Beyond the Big Three, Boston recruited James Posey and Eddie House to be complementary players. Posey had a championship pedigree in Miami and brought a ferocity that made him a soul mate of Garnett's. Rivers had watched the Lakers trapping all over the floor, leaving Rajon Rondo and Kendrick Perkins, the marginal shooting threats for the Celtics stars.
So, he made the choice to spread the floor with three-point shooters, and wouldn't you know it: Posey (18 points) and House (11 points) made six of 12 three-pointers. No way was Rivers going to let Bryant float, play free safety on the Celtics. "Kobe might be the best help defender I've seen since (Scottie Pippen)," Rivers said. This forced Bryant to cling close to House, and as Rivers suspected, that delivered Garnett and Pierce room to operate on offense.
Soon, the traps stopped in the fourth quarter. The floor was properly spaced. "And our scorers could score," Rivers said.
Even Phil Jackson confessed, "That changed the game."
Finally, the Lakers needed one to stop to get the ball back with time left in regulation, one defensive stand inside the final 40 seconds. Rivers had called for a pick-and-roll with Pierce and Allen, but the coach could see right away that Pierce had nothing left on offense, that Bryant had sapped so much strength out of him. "Paul was exhausted. He didn't even want to come to the ball on that play."
Which Allen recognized right away, and the symmetry was unmistakable. In that halftime locker room, in the uncertainty of an 18-point deficit, Pierce made a dramatic statement with his teammates watching, with a buoy needed. "I want Kobe," he said, and that's just what these Celtics needed to witness together. They needed to see that their captain wasn't running away from Bryant, but running to him.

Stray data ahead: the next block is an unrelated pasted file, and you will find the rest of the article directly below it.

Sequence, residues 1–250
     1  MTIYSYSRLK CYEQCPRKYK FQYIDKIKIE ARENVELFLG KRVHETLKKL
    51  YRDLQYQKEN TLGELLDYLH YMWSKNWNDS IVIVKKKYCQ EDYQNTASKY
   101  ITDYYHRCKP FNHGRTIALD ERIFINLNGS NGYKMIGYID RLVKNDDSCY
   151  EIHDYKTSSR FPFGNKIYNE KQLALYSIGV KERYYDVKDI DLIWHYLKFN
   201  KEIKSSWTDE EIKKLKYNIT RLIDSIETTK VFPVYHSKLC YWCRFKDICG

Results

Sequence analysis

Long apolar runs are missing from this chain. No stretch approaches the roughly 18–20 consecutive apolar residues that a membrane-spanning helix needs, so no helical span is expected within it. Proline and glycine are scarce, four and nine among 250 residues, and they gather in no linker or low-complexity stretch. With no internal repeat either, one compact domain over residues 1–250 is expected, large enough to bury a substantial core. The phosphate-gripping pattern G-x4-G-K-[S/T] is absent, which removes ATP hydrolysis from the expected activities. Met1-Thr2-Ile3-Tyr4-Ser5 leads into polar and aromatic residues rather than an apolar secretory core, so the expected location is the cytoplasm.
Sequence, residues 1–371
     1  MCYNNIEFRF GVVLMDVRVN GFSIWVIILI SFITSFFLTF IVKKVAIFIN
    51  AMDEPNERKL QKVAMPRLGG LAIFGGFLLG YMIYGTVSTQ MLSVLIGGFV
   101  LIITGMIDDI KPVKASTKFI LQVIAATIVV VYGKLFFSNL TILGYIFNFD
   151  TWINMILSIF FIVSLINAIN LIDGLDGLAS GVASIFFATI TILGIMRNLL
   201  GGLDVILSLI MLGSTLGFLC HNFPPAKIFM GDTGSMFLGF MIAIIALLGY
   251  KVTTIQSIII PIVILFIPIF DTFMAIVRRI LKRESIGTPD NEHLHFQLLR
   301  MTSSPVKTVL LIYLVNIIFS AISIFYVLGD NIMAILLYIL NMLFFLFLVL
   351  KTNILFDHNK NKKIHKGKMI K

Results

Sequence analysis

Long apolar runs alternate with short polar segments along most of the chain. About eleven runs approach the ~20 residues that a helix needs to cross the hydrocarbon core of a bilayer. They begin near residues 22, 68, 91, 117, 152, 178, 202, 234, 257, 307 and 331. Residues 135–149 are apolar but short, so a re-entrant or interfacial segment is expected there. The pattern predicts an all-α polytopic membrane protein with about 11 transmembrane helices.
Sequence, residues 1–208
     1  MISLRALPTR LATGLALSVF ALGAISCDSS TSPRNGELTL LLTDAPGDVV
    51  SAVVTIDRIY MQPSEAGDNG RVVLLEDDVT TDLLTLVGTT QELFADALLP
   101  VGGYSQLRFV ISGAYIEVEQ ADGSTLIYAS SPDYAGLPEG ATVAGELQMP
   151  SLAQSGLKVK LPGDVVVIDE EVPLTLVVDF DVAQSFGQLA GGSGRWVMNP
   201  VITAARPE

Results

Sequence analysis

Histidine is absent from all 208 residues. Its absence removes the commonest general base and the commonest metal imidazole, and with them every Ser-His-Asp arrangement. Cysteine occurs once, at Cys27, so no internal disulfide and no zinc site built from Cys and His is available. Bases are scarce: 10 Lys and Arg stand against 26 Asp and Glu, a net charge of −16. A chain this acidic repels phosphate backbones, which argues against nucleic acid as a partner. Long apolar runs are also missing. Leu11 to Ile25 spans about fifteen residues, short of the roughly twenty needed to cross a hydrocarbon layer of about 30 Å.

And now, with those 40 seconds left in the fourth quarter, Pierce had gone as far as he could go. And Allen could see it, too. Yes, he had played the full 48 minutes, but his body was still energized, his spirit willing to be the closer that everyone insisted Bryant would be over and over in these Finals.
So, Allen told Garnett to move away, let him go one-on-one with Sasha Vujacic and Allen made a hard dribble to the rim, and another, and soon the oddest thing happened: He was past him, and to his shock, "I had the whole basket free and clear."
Pau Gasol hesitated on leaving Garnett and there was no last line of defense – just a humiliating Lakers breakdown, a Celtic driving uncontested for a layup to make it 96-91 with 15.7 seconds left. Boston had worn down these Lakers to a nub – with mind and body.
They've been so much more mentally tough than Los Angeles in these Finals, so much more willing to pay a price for victory. That final, crucial possession was something born out of the Big Three's earliest days together this season, out of assurances of sacrifice and selflessness, out of a brotherhood of getting thrust together with the opportunity of a basketball lifetime.
Together, they did it and it's moved the Celtics to the cusp of a championship, to the chance to end this journey where it started: On that well-worn Boston parade route, where pacts and promises made in the autumn New England air could be consummated on Sunday night in the Staples Center.
- Doc Rivers